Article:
Stevan Jovetic on verge of move to Manchester City - but is the Fiorentina striker worth £27m?
Jovetic appears destined for the Premier League - but will he adapt? Dylan Fahy profiles the Montenegro international
Friday 19 July 2013
Stevan Jovetic’s journey from the Montenegrin capital to Manchester included a stop off in Florence. Whispers of interest in the then curly-haired playmaker from United before 2007 never developed into a transfer, but the player’s ultimate destination this year looks likely to be in northwest England.
Fiorentina signed the prospect from Partizan Belgrade in 2008 shortly after the youngster made his international debut for the recently formed nation of Montenegro. He hastily established his credentials in Italy as a silky second striker with a keen eye for goal. With over 10 goals in three of his four full campaigns, the Podgorica native terrorised defences and attracted attention from around the continent.
The 23-year-old has developed dramatically with every passing year on the peninsula, and blossomed into a truly unstoppable trequartista when in his pomp. Aside from being sidelined for the entire 2010-11 campaign, he has consistently been at the fore of the club’s brief successes in the Champions League and return to prominence last term under the guidance of Vincenzo Montella, as they finished fourth.
Manuel Pellegrini is set to acquire a player fully capable of adapting to the rigours of the Premier League. Ideally he will operate behind a target man leading the line such as Edin Džeko, Álvaro Negredo or perhaps even Sergio Agüero as previous partnerships with Alberto Gilardino and Luca Toni highlight. Alternatively, he is also an option as a ‘false 9’ as Montella employed him throughout last season.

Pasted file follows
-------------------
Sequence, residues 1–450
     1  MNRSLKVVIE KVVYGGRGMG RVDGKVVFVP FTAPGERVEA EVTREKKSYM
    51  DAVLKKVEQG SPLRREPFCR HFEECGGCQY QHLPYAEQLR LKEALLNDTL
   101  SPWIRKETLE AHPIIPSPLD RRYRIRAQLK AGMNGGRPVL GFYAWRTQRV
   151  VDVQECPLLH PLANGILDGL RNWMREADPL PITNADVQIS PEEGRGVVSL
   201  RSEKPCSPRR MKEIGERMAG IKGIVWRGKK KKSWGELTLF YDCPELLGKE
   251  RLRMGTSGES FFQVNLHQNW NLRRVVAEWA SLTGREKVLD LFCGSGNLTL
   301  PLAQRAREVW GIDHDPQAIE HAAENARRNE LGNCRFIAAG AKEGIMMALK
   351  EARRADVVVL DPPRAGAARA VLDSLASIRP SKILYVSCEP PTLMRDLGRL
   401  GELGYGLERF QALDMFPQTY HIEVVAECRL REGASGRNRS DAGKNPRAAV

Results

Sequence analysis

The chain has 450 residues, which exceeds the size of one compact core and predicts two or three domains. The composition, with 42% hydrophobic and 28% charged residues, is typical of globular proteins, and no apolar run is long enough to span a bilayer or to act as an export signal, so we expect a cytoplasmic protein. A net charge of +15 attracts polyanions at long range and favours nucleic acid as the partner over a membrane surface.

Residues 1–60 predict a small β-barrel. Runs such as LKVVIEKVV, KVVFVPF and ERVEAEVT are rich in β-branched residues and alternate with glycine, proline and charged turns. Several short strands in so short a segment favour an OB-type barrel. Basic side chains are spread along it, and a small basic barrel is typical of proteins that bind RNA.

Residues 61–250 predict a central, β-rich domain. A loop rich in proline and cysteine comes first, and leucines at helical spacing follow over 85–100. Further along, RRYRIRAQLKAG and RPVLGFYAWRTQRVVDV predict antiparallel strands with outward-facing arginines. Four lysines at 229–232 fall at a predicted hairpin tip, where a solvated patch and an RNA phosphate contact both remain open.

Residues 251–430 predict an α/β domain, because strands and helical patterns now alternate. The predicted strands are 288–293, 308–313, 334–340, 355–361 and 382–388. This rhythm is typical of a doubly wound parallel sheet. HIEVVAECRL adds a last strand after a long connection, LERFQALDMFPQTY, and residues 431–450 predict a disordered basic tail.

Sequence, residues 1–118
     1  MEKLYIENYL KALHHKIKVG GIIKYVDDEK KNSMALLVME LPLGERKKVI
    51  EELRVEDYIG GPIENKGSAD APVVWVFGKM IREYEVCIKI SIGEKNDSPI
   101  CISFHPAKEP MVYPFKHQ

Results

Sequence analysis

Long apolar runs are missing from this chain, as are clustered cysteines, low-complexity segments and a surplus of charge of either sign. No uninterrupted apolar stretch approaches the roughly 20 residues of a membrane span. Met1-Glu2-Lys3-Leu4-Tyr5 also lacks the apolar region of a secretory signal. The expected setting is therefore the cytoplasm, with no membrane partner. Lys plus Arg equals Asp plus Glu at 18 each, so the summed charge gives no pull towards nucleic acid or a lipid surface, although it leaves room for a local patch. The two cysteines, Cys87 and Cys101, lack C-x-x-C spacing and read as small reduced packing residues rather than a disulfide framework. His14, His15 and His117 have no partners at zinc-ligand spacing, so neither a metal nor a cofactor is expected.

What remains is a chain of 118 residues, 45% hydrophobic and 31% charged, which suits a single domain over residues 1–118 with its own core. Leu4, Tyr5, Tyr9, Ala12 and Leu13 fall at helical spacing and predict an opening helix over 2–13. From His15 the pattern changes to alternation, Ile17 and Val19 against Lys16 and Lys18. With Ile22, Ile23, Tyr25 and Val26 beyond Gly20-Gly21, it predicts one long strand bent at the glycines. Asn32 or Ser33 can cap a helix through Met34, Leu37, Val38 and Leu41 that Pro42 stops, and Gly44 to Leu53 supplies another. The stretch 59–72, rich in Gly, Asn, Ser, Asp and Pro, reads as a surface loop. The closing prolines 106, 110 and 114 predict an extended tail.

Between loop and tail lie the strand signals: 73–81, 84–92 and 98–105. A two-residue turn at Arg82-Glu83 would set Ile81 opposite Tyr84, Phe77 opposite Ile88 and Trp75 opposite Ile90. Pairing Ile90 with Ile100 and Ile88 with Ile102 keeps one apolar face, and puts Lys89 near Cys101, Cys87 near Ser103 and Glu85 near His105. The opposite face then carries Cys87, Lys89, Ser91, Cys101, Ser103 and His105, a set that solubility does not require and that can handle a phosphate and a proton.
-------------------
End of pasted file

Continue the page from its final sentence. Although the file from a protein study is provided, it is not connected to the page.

Manchester City look set to land the Montenegrin magician in spite of Italian champions Juventus being his first choice club to move to this summer, as it is widely believed he would still accept a Serie A stay. However, the perfect conditions never presented themselves for the transfer to Turin to take place.
Jovetić crossed a line with the dedicated Fiorentina faithful with his interview at the beginning of June in La Gazzetta dello Sport. “Juventus have been following my progress for a year,” began the deep-lying forward, “Who would not be flattered when they say I come before [Zlatan] Ibrahimovic, [Carlos] Tévez and [Gonzalo] Higuaín on their list? I do not even think it is a betrayal to my club to admit it.”
Viola president Andrea Della Valle voiced his outrage at the tone of the discussion being portrayed as “pro-Bianconeri” in the pink newspaper, and subsequently fined his star player for his comments. The teams have generally shared a bitter relationship, but it was the controversy surrounding the Dimitar Berbatov transfer last summer that tipped the scales and created a poisonous atmosphere between the pair.
Fiorentina director of sport Daniele Pradè judged the mercurial Bulgarian to be the missing link in attack for Montella’s team – a void since filled by the signings of Giuseppe Rossi and Mario Gómez. The Viola had paid for the Manchester United man’s airline tickets, and fans eagerly gathered at Peretola airport to greet his anticipated arrival. However, he never boarded his connecting flight from Munich.